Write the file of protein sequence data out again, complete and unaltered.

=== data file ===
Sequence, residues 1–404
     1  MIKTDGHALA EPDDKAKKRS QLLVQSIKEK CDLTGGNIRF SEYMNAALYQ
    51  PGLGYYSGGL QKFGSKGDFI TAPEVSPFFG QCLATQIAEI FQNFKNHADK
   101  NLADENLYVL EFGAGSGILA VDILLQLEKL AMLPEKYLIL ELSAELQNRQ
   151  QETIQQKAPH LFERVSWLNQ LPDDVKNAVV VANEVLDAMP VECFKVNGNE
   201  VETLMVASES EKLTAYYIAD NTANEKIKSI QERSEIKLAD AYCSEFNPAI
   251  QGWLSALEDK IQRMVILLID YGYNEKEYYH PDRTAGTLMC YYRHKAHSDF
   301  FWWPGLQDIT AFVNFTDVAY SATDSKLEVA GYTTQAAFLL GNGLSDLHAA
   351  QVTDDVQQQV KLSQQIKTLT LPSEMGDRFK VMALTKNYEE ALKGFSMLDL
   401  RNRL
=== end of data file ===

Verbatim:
Sequence, residues 1–404
     1  MIKTDGHALA EPDDKAKKRS QLLVQSIKEK CDLTGGNIRF SEYMNAALYQ
    51  PGLGYYSGGL QKFGSKGDFI TAPEVSPFFG QCLATQIAEI FQNFKNHADK
   101  NLADENLYVL EFGAGSGILA VDILLQLEKL AMLPEKYLIL ELSAELQNRQ
   151  QETIQQKAPH LFERVSWLNQ LPDDVKNAVV VANEVLDAMP VECFKVNGNE
   201  VETLMVASES EKLTAYYIAD NTANEKIKSI QERSEIKLAD AYCSEFNPAI
   251  QGWLSALEDK IQRMVILLID YGYNEKEYYH PDRTAGTLMC YYRHKAHSDF
   301  FWWPGLQDIT AFVNFTDVAY SATDSKLEVA GYTTQAAFLL GNGLSDLHAA
   351  QVTDDVQQQV KLSQQIKTLT LPSEMGDRFK VMALTKNYEE ALKGFSMLDL
   401  RNRL